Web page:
Stepping Up

I spent today with my son. That usually makes for at least a pleasant day. Like most other red blooded Americans, I prefer to drive. As such, Desmond and I spent a significant portion of our day at the so very thrilling Department of Motor Vehicles.

Anyone who has ever had a toddler, and had to face the DMV with said toddler, knows what a trial it can be.

That precious sweet boy becomes a time bomb. You just hope he goes off after they’ve called your number. Otherwise you’re pretty much forced to leave and try again another day. Snacks and entertainment help, but only to a point. Toddlers like to stay neither still, nor quiet.

But we made the best of it, and Dez is a total ham.

“Hi, how are you?” is his newest phrase, he says it to every single person at the grocery store. Even the DMV ladies smiled at him.

Even after the two hour mark.

Still, their’s always something that has bothered me about taking Dez out in public without his mom. The moms at the DMV, wrangling their own children, look at me as if to reassure me. The sweet older couple look at me with something I can’t quite describe. Almost pride? Dads look at me with a look seen at the gym, when someone beat their old max lifting an impressive weight. A certain respect.

None of these are negatives of course. The attention is overwhelmingly positive.

What bothers me, I think, is that this attention is given at all.

Whether they assume incorrectly that I am a single father, or, correctly, that I am just out running errands with my boy, there is a recognition that comes with fatherhood.

That somehow I am uncommon. I should feel pride. I stepped up.


I am disgusted that the standards for manhood have fallen so low.

Ashamed that their’s good reason to expect so little.

The U.S. Census Bureau cites 1 in 3 children in the US live without their biological father in the home. Over 80% of single parent homes, are headed by mom.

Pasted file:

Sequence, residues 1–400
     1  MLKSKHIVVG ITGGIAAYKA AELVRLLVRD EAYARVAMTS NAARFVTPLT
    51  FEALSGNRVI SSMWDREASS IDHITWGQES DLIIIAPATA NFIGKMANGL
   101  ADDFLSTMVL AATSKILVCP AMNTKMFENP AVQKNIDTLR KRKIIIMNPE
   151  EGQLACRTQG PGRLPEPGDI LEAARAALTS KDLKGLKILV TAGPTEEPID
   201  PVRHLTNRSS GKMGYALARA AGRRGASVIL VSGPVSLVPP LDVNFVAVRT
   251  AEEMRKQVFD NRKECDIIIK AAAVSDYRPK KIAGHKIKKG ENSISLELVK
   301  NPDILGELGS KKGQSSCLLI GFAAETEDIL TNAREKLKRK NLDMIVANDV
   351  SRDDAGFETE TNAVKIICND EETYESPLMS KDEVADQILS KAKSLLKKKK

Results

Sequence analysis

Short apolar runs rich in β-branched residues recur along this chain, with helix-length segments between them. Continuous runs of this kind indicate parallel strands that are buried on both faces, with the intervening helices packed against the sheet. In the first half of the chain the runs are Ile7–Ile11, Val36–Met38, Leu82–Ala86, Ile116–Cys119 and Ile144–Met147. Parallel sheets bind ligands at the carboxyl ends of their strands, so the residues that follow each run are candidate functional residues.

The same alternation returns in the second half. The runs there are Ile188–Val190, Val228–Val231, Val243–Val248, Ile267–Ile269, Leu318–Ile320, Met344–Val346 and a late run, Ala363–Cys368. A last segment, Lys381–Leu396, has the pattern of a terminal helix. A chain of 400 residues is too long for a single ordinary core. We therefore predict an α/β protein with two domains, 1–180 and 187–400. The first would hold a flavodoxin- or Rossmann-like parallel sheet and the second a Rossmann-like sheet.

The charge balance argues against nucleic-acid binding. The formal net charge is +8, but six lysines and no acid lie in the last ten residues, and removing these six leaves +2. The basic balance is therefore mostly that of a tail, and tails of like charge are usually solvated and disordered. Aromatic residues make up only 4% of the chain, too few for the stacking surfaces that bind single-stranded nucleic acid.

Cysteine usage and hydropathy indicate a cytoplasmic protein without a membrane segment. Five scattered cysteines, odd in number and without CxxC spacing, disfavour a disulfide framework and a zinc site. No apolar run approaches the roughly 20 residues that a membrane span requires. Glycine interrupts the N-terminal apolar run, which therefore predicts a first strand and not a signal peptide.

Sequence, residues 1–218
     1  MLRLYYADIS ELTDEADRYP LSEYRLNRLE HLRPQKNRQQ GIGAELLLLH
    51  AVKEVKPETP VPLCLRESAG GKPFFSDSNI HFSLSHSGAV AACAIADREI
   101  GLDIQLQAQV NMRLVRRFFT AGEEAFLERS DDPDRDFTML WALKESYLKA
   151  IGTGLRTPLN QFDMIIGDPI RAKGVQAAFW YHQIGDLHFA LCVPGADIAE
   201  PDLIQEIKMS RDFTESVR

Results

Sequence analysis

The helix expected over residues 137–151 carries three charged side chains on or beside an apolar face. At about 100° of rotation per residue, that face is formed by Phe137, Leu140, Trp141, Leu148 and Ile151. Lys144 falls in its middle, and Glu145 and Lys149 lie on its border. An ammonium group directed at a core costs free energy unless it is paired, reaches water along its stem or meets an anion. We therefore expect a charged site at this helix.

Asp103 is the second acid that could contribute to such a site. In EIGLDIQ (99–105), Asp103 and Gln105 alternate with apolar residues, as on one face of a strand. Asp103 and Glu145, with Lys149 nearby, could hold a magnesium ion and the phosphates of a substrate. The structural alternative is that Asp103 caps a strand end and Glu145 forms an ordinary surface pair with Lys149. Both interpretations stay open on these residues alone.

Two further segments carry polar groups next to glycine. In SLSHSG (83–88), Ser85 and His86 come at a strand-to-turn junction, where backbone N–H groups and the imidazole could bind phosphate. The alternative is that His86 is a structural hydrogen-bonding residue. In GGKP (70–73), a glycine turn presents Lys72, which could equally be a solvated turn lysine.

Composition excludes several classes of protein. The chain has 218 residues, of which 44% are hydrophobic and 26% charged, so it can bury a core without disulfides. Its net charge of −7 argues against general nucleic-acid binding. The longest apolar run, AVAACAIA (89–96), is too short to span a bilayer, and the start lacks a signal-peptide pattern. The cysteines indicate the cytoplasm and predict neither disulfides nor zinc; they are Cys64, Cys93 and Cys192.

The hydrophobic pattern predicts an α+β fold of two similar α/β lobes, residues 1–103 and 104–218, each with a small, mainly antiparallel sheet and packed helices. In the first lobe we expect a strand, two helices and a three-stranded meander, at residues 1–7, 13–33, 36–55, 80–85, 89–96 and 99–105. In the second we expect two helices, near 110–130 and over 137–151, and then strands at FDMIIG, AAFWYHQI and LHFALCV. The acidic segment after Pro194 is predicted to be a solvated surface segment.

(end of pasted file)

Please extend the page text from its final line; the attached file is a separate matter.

I’m not here to crusade against divorce or failed parental bonds. Relationships are hard, they are messy. It happens.

It is no step up to be a father. It is the bare minimum. You help put a life in this world. You are responsible for that life. I could wax poetic about this all night but really it is quite simple.

In recent times the idea of manhood and through it fatherhood have come to question. There are some very toxic things about what we have allowed ourselves to become. It is up to us to create a new image of what we will be in the future. That image starts with the first conception of manhood:


If your first conception of a man is of an absent one, be better for the one that comes after you.

We can not accept standards of ourselves that are so very low that the very basis of our biology, of our evolution, of our very humanity, is made optional.

I reject that standard.

I did not step up.

I breathed air, I ate food, I fathered.


Shortly after Dez was born, I was rocking a man-bun. Not ashamed.

2 thoughts on “Stepping Up

  1. Great post! Very passionate, and well-written. I followed your thoughts entirely and agree. I don’t know how long it will take for people to accept and internalize the fact that dads are capable of fathering; to not be surprise to see a father hanging out with the kids and for fathers themselves to do more hanging out with the family, in general. Last of all, yessir to your point, about dads who gave up and their sons who should not walk the same footsteps.

  2. My husband faces similar challenges as a dad that was no longer with the mum, and then later as a stay at home dad to our two daughters. Even in school it was assumed that it would be a ‘treat’ to have daddy cook tea. In our home this is a normal thing as I’m rarely home before six.

    My husband does what needs doing in our house and home, he fathers.

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